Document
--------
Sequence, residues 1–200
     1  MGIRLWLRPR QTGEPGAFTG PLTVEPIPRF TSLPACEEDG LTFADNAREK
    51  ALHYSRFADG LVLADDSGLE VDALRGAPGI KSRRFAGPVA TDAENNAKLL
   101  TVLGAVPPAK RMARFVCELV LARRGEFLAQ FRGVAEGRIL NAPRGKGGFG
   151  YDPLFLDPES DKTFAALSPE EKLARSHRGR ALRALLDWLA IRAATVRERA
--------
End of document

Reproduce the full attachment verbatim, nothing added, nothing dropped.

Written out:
Sequence, residues 1–200
     1  MGIRLWLRPR QTGEPGAFTG PLTVEPIPRF TSLPACEEDG LTFADNAREK
    51  ALHYSRFADG LVLADDSGLE VDALRGAPGI KSRRFAGPVA TDAENNAKLL
   101  TVLGAVPPAK RMARFVCELV LARRGEFLAQ FRGVAEGRIL NAPRGKGGFG
   151  YDPLFLDPES DKTFAALSPE EKLARSHRGR ALRALLDWLA IRAATVRERA